An internationally known National Historic Landmark, Serpent Mound is a 1,348-foot-long, three-foot-high prehistoric effigy mound on a plateau along Brush Creek in Adams County, Ohio. Representing a snake with a curled tail, it is the largest serpent effigy in the world. Nearby are three burial mounds.
The Serpent Mound was first mapped by Euro-Americans as early as 1815 and documented from surveys by Ephraim Squire and Edwin Davis in their historic volume Ancient Monuments of the Mississippi Valley, published in 1848 by the newly founded Smithsonian Museum.
Researchers have attributed the construction of the mound to two different prehistoric indigenous cultures. The mound was initially thought to be of the Adena culture (800 BC to 100 AD), a Pre-Columbian Native American society that existed in a time known as the Early Woodland period. These were probably comprised of several related Native American groups who shared burial and ceremonial systems. The Adena lived in parts of present-day Ohio, Indiana, Wisconsin, West Virginia, Kentucky, New York, Pennsylvania, and Maryland.
Later, a 1996 carbon dating study led scholars to believe the mound was built by members of the Fort Ancient culture around 1070 AD. These people predominantly inhabited land along the Ohio River in modern-day southern Ohio, northern Kentucky, southeastern Indiana, and western West Virginia. They were a maize-based agricultural society that lived in sedentary villages and built ceremonial platform mounds.
However, most recent dating places the mound at around 300 BC, once again suggesting Adena construction. Though the massive earthwork has been excavated, no artifacts have been found that might allow archaeologists to assign it to a particular culture. More work is needed to clarify the age of Serpent Mound.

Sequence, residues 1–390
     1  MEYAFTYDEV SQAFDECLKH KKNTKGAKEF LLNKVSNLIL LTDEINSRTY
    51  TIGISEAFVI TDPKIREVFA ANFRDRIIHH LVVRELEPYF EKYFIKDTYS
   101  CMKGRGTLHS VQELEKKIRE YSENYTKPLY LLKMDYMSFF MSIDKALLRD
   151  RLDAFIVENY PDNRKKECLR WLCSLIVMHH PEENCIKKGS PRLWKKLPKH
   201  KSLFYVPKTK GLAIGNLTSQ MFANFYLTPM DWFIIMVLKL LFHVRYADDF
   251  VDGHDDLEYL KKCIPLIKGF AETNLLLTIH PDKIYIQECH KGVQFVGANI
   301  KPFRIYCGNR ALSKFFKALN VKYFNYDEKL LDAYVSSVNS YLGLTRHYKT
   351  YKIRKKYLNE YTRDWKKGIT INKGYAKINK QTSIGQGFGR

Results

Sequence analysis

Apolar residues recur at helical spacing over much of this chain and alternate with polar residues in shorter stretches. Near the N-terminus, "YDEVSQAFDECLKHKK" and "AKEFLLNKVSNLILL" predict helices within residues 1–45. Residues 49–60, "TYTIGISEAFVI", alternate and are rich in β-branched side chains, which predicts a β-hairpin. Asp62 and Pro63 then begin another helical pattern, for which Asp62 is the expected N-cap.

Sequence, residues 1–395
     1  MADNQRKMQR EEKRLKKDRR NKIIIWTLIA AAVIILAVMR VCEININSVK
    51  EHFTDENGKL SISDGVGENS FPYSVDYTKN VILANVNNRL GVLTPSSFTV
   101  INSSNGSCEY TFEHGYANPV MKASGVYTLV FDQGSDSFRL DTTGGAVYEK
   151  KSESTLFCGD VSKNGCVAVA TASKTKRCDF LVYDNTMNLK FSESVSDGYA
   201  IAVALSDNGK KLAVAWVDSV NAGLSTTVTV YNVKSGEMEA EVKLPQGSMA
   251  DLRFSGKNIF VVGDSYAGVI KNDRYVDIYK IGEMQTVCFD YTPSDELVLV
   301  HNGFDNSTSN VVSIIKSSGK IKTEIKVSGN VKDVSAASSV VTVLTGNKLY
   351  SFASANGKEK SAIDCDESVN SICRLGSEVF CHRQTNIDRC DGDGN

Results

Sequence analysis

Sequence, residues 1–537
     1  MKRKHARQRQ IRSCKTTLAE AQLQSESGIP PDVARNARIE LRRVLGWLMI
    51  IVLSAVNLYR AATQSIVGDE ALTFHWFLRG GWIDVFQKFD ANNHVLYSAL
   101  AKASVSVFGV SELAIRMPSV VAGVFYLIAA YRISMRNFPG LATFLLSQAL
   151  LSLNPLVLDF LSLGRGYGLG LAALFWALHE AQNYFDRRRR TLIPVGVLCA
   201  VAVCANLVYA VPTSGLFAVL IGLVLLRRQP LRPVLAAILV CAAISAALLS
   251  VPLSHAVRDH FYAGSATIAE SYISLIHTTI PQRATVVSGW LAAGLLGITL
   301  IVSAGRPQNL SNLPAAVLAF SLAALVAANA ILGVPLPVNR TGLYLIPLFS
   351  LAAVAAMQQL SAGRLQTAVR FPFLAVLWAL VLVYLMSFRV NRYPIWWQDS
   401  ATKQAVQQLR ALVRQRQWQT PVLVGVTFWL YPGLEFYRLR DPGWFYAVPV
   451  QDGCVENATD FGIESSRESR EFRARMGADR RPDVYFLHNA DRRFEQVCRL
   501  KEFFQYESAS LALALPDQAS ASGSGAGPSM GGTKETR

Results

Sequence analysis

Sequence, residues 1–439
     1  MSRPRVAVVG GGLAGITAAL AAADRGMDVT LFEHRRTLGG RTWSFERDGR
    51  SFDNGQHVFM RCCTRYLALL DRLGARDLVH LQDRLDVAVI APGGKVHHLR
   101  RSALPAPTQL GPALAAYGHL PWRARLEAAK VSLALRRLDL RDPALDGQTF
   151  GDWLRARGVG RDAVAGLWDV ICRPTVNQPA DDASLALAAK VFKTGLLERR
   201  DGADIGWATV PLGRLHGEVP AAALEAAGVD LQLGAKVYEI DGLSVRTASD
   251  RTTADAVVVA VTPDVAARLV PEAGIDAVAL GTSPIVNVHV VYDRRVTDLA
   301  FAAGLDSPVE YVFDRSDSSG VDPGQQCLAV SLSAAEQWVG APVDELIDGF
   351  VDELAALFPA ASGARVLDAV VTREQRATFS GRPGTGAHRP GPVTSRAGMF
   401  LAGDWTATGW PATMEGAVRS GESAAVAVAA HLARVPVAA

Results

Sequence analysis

Effigy mounds, earthworks in the shape of animals and birds, were raised in North America in areas that now correspond to parts of Wisconsin, Minnesota, Illinois, Iowa, and Ohio. The profile images, seldom more than six feet high, include felines, bears, and deer. During the 19th century, many suffered considerably with the increase in farming settlements, as they were often plowed under. Fortunately, the extraordinary size and recognizable depictions saved many of the effigy mounds from such a fate.
The exact function of the great mound is uncertain, though it was most certainly of a ceremonial nature. While burials have been discovered in the effigy mounds further to the northwest, none have been found in the Ohio mound.
Aspects of the serpent mound and its location suggest it may have had associations with astronomy. The serpent’s head aligns with the summer solstice sunset, and the tail points to the winter solstice sunrise. Perhaps the mound was utilized as a calendar, indicating when it was time to plant or harvest. It has also been suggested that the curves in the snake’s body parallel lunar phases or align with the two solstices and two equinoxes.
Serpent Mound Memorial is located at 3850 State Route 73, about five miles northwest of Locust Grove. A pathway allows visitors to walk about the mound, and a museum features exhibits that include interpretations of the effigy’s form, description of the processes of constructing the mound, the geographical history of the area, and an exhibit on the Adena culture, historically credited as the creators of the mound.
© Kathy Weiser-Alexander/Legends of America, updated November 2021.
The Adena Culture of the Northeast
Cahokia Mounds (IL)
Astronomy and Mythology in Native American Culture
Metropolitan Museum of Art